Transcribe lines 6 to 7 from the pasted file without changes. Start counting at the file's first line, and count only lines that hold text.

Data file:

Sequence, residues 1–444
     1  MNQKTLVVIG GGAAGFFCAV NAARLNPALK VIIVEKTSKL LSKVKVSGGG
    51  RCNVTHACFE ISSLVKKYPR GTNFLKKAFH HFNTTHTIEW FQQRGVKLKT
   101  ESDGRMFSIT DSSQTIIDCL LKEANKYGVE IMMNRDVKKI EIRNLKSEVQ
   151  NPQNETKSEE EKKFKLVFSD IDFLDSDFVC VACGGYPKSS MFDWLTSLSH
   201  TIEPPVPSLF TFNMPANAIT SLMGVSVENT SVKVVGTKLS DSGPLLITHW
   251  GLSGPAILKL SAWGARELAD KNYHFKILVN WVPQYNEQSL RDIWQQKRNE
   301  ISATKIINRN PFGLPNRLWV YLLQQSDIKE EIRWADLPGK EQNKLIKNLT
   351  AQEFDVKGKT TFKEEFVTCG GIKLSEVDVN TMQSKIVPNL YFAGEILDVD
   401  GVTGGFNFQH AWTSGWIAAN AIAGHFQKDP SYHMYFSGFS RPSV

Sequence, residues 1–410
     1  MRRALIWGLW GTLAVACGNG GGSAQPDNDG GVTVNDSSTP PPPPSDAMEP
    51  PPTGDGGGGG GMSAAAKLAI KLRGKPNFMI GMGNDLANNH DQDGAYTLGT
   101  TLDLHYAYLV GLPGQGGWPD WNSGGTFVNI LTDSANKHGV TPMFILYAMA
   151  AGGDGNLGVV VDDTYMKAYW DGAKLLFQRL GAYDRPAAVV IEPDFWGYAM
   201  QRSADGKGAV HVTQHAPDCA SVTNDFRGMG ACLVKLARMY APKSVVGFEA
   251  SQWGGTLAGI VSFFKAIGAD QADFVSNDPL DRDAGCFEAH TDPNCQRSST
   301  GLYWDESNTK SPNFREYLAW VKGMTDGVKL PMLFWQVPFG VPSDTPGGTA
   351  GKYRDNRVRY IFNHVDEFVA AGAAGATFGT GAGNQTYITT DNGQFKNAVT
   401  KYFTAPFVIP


   201  TIEPPVPSLF TFNMPANAIT SLMGVSVENT SVKVVGTKLS DSGPLLITHW
   251  GLSGPAILKL SAWGARELAD KNYHFKILVN WVPQYNEQSL RDIWQQKRNE